Wild Hog


*During the early 2000’s, Linda Adams, a former resident of TGO, wrote a series of articles for the TGO Nature Center titled “a Page From Nature”.  This article was a part of that series and was published in 2000.  The original article did not include any photographs so I added some a photo submitted by a TGO Nature Center member.  Enjoy!


TGO Nature Center, Nature, Education, Mammal, Wild Pig, Wild Hog, Feral Pig, Hog, Pig, Photo Album

Photo Courtesy of Rick Ellwanger


One of the unpopular animals in residence here at The Great Outdoors is the wild hog; who is also referred to as feral hogs. Wild hogs are pigs of mostly domestic origin living in a wild state. In Florida they are nicknamed, “razorbacks,” referring to the prominent backbone on thin animals and the long, coarse hairs on their back which stand erect when the “razorback” is agitated.

Pigs were brought to the West Indies by Columbus in 1493, and the Spanish explorer DeSoto brought them to Florida in 1539 to, provide food for his troops. The wild hogs found throughout Florida today are a mixture of Spanish wild boars, European hunting stock, Russian boars, and the domestic hogs from farms in Florida that were released to roam free. (Florida had “open ranges” until 1952.) Their predominant color is black, although brown hogs and spotted hogs are also common.

Wild hogs usually roam in groups of several females with their young. The boars (males) are generally solitary except when associated with breeding groups, but the females and young hogs are highly social. Hogs are very adaptable and found in a number of different habitats, but they prefer wooded areas close to water. They are not territorial.

Wild hogs are opportunistic feeders. They eat nearly anything, including roots, tubers, grasses, small animals and carrion. Mast, which consists of fallen acorns and nuts, is a favorite food. They feed mostly at night, especially in summer when it is hot during the day.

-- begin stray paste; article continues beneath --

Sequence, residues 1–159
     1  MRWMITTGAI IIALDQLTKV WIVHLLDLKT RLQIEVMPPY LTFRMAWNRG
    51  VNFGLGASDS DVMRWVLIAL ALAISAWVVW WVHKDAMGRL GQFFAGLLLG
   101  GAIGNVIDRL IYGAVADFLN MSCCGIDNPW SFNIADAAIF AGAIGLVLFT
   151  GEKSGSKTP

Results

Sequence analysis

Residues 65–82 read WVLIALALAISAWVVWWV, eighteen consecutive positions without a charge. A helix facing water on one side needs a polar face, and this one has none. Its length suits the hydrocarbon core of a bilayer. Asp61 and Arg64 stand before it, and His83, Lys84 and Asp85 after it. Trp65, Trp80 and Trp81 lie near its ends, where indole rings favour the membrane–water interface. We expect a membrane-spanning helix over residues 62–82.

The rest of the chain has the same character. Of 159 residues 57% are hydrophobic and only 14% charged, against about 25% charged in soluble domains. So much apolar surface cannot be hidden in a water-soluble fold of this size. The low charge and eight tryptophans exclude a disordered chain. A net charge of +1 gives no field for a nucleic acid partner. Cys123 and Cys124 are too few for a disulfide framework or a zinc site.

If their population is not kept under control, wild hogs often devastate natural habitats. They consume such large amounts of food that they may reduce the food supply available to other animals, such as deer, rabbits, squirrels and turkey.

Their rooting causes even more damage, which is their natural feeding behavior. They badly disrupt native vegetation, making it look like it has been plowed. Wild hogs are a reservoir of serious diseases. They carry pseudorabies, a disease that can be transmitted and fatal to panthers, as well as diseases transmissible to other mammals, including man and livestock.

Wild hogs breed year round. The females have one or two litters per year, with 5 to 12 piglets in a litter. Infant mortality is relatively low, although the baby pigs sometimes fall prey to hawks, owls, and eagles. In South Florida, panthers prey upon adult wild hogs, and bobcats prey upon young wild hogs throughout the state.

Wild hogs are not aggressive and generally run away if approached in the woods. They can be very vicious when cornered, however. A 5-foot boar can weigh as much as 400 pounds, with sharp, 6-inch long tusks (most hogs are in the 200 pound range). The tusks are primarily used for grubbing in the ground but can be used for defense when they are threatened.

Hunting is the primary cause of death for wild hogs in Florida. With the landowners permission, wild hogs can be shot year round on private property

Every year hogs in TGO are trapped in an effort to control the damage they cause.

To see more photos of Wild Hogs, click on this Wild Hog Photo Album link.


TGO Nature Center – “Living in Harmony with Nature

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